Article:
C. Execution and Implementation

 4. In which ways is the initiative creative and innovative?
Given the participatory nature of the initiative, the LG of Barru continuously adjusted the plan based on the needs and opportunities identified. Nonetheless, they developed an implementation framework to guide the reform processes as follows: (1) Establishment of a licensing reform working group. The LG established a working group, led by the OSS, with members from the executive branch and the local legislative council (DPRD) to lead the licensing reform process. (2) Understanding licensing problems better by obtaining the views of the private sector and technical departments. The working group conducted a series of discussions both with the local technical departments and with the private sector. In addition, a customer satisfaction survey was conducted in early 2012 to quantitatively measure the satisfaction of licensing services. The results of the discussions and the survey confirmed that citizens had to pay more than the official fee for permits, wait for long periods of time, and had a feeling of uncertainty regarding the process. (3) Mapping the licenses and developing license reduction plan. The Legal Bureau of the LG conducted a mapping exercise that identified 129 types of licenses, 95% of which were not authorized to the OSS. Based on these results, formal and informal consultations were held with the technical departments and the private sector to identify types of licenses that could be repealed, merged or transferred to the OSS. The LG of Barru adopted an incremental and opportunistic approach -- licenses that were under technical departments that had strong support for reform were prioritized. (4) Building broader support for reform. The series of discussions discussed above also aimed to raise awareness and to expand the network of licensing reform supporters among business executives and CSOs. In addition to face-to-face discussions, radio talk shows were aired to involve the broader community. Demand from the general public, CSOs, the private sector, as well as DPRD members was effective in driving reform within the government. (5) Issuing regulatory framework for licensing reform. Based on the processes above, the LG issued two local regulations limiting the types of licenses that are required for any businesses operating in the district to 30 types in 2011 and 2012. In addition, a district head decree was issued to remove fees associated with other types of licenses/permits for micro and small businesses. Three regulations were issued in 2012-2013 to incrementally transfer the licensing authority of 23 types of licenses to the OSS. Two regulations on SOPs – for business licensing and complaint handling – were issued in 2012. A district head decree was issued to establish the OSS technical teams in 2012. In addition, three additional decrees were issued to improve the performance of the OSS – on additional allowances for OSS staff, code of conduct, and service charters. (6) Building the capacity of the OSS staff and technical teams’ members. YAS trained OSS staff and technical teams’ members on the implementation of SOPs and service standards and helped to promote a service-oriented office culture. (7) Preparing physical infrastructure. The office layout was changed to create separate front and back offices. Information about licensing procedures and requirements was posted on information boards and the internet. Complaint handling infrastructure was installed. (8) Promoting the OSS and increasing the coverage. In addition to promoting the OSS and its reformed licensing services through public events and radio talk shows, a “mass-licensing day” event was held in 2012 to reach out to micro and women-owned enterprises. Approximately 60% of the 360 local business owners who participated were women. In addition, OSS staff regularly visit villages to provide licensing services for the residents.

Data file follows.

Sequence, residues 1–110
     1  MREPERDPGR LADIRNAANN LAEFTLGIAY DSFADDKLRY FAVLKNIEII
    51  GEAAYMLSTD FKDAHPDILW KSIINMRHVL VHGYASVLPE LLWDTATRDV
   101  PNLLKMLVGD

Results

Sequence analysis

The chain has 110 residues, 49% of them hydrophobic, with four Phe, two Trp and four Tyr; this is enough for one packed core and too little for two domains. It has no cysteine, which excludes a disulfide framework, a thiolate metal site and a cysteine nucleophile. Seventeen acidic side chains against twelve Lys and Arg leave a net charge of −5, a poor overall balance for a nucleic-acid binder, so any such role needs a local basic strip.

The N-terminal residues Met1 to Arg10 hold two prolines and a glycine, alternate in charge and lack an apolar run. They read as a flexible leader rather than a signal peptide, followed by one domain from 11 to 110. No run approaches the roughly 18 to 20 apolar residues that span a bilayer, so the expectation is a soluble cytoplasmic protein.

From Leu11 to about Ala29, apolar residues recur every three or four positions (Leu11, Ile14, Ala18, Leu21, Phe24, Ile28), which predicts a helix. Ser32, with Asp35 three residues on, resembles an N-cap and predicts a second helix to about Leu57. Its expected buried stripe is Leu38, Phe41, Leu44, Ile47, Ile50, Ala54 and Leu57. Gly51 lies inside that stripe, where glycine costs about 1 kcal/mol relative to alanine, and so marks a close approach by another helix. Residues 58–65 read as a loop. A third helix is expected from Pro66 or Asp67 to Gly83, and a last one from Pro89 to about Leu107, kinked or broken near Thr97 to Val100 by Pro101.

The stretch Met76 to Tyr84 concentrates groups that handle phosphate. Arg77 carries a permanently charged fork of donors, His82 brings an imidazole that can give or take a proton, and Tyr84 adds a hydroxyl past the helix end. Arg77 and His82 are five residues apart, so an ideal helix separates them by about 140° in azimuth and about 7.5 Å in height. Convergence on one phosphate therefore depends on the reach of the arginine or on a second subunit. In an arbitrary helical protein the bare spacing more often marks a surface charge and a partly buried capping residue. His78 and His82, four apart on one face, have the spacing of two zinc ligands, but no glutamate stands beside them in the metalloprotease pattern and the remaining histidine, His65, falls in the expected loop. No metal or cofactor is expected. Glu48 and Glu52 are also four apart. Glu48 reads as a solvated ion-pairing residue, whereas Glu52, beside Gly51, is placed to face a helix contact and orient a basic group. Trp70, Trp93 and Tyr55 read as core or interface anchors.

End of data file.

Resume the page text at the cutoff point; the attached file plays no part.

5. Who implemented the initiative and what is the size of the population affected by this initiative?
The main driver of the reform was the licensing working group established by the LG of Barru. The working group, led by the OSS, includes members from the OSS, Legal Division, Organization Division, Administrative Division, and Local Development Planning Board (BAPPEDA). In addition, three members of the local legislative council (DPRD) were also involved in the working group. They led the overall design and implementation of the business licensing reform in Barru. There were 14 technical departments of the LG that held the authority of issuing licenses prior to the initiative that were involved in the implementation of the initiative. The district head also played an important role in supporting the initiative and issuing 11 local-level regulations discussed above. The working group was supported by the Makassar-based NGO Justice and Welfare Foundation (YAS)that helped the working group to interact with and obtain support from other LG technical departments, local business associations, and other CSOs (academics, mass media, and NGOs). YAS also brought to bear the experience and lessons-learned it had gained from assisting other LGs in South Sulawesi. Local-level business associations, particularly the Indonesian Young Entrepreneurs Association (HIPMI), Mattriowalie Market Kiosk-owner Association (HPPM), Indonesian Hotel and Restaurant Association (PHRI), Regional Forum of Small and Medium Enterprises (FORDA UKM), Indonesian Construction Associations (GAPENSI and GAPEKNAS), were heavily involved in providing feedback to the LG, promoting the OSS to the private sector and discussing complaints received by the OSS.